The feed water and vapor separating chambers associated with each of the horizontal heat tube bundles of effects 2-15 are substantially identical and, accordingly, only that associated with one of the tube bundles of effect 2 will be discussed for the sake of brevity. As seen in FIGS. 2, 4 and 7, a vertical front wall 113 and partial side wall 114 respectively separate the feed water chamber 115 from the vapor symbolized by arrow 95 entering from effect 1 and the vapor symbolized by the arrow 117 exiting to effect 2. In addition, a back wall 118 separates the feed water chamber from the condensate collecting chamber 32-2. A second pair of side walls 120 are spaced from the heat tube bundle 31-2 and extend vertically between diaphragm walls 72b and 720. In addition, a pair of demister elements 124 extend along the sides of the tube bundle 31-2 and between the lower ends of each of the walls 1 14 and the side walls 120. These demister elements 124 may be of any conventional type well known in the art such as the monel wire mesh type or hook and vane separators.
As the feed water 92a rains downwardly from the distribution tray 104 onto the tube bundle 31-2, a portion is vaporized while the remainder collects in the vapor separating space 121 below the tube bundle. The vapor 117 travels outwardly from the heat tube bundle 31-2 toward the side walls 120 and then upwardly through the demister elements 124 and then forwardly and around the chute 96 before passing into the upper end of chute 96a of effect 2.
Referring again to FIG. 2, a pipe 124 may be provided to conduct the distillate collected in chamber 32-2 of effect 2 to the distillate chamber 32-8 of effect 8, where a portion is converted to vapor by flashing and then condenses on the heat exchange tubes 22, 23 and 24 for combination with the product water from that effect. The condensate collected in effect 8 is, in turn, further flashed down in successive effects 9 to through pipes 28. Similar pipes, such as pipe 125 which couples distillate collecting chambers 32-3 to 32-9, transfers distillate from effects 3-7 to effects 9-13, respectively.
The preferred embodiment of the invention just described provides increased thermodynamic efficiency by heating the feed water provided to each effect to substantially the temperature of the effect itself. In addition, the feed water system of the invention permits dual acid and phosphate scale treatment.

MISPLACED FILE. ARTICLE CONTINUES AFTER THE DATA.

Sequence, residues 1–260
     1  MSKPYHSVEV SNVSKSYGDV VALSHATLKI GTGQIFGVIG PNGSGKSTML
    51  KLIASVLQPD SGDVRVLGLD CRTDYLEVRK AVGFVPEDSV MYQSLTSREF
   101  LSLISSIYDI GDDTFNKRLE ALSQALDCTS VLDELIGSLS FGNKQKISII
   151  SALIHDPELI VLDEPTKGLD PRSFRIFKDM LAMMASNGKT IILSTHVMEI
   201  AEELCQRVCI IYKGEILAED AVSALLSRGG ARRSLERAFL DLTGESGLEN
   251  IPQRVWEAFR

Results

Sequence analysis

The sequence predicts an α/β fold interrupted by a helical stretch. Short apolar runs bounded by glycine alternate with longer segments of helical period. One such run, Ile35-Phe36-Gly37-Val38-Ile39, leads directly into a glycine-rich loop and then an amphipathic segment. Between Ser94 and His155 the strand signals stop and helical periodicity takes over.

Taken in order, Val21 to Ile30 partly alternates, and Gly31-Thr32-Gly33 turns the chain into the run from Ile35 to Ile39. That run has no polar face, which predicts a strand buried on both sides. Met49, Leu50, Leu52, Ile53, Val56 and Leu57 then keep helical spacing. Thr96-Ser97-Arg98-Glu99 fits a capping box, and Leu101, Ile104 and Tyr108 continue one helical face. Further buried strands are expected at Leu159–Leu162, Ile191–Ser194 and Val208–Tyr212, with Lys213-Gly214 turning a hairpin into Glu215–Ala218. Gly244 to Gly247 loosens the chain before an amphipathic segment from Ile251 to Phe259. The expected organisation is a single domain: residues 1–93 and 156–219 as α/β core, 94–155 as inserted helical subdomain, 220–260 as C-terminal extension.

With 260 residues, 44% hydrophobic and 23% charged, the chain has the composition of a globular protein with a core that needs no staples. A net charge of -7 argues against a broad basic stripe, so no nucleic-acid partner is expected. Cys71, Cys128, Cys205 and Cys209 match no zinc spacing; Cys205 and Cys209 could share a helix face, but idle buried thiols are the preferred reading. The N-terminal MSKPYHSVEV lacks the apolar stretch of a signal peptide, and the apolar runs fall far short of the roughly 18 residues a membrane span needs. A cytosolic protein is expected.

While the invention has been disclosed with respect to a particular distilling apparatus and further while only a single embodiment of the invention has been shown and described, it is not intended to be limited thereby but only by the scope of the appended claims.
1. In a multi-effect film evaporator having a plurality of effects operable at successively lower temperatures and pressures with each effect including heat exchange tube means for passing a vapor and a feed liquid in heat exchange relation to vaporize at least a portion of the feed liquid and to condense at least a portion of the vapor, means for delivering the unevaporated liquid in each effect except the last to the heat exchange tube means of succeeding effects to comprise at least the portion of the feed liquid thereof and means for delivering the evaporated liquid in each effect except the last as the vapor to be condensed in the next succeeding lower temperature effect,
means for operating a first group of said effects at sequentially lower temperatures above a predetermined temperature and a second group of said effects at sequentially lower temperatures below said predetermined temperature, the improvement comprising:
first feed liquid delivery means coupled to the effects of said first group for delivering feed liquid thereto,
a second feed liquid delivery means for delivering feed liquid to effect of said second group of effects,
first chemical treating means including a source of a first material taken from the group consisting of acid and an acid salt, coupled to the first feed liquid delivery means for treating the feed liquid therein with said first material which is operable to prevent scale formation at temperatures above said predetermined temperature,
second chemical treating means including a source of polyphosphate coupled to the second feed liquid delivery means for treating the feed liquid therein with said polyphosphate which is operable to prevent scale formation below said predetermined temperature, said polyphosphate being inoperative to prevent scale formation above said predetermined temperature,
the flow paths of said feed liquid in said first and second feed liquid delivery means being isolated from each other between said first and second chemical treating means and said groups of corresponding effects.
2. The evaporator set forth in claim 1, wherein said first feed liquid delivery means includes first feed liquid preheater means for preheating said feed liquid therein to a temperature in excess of about F and said second feed liquid delivery means includes second feed liquid preheater means for preheating the feed liquid therein to a temperature less than about 190?.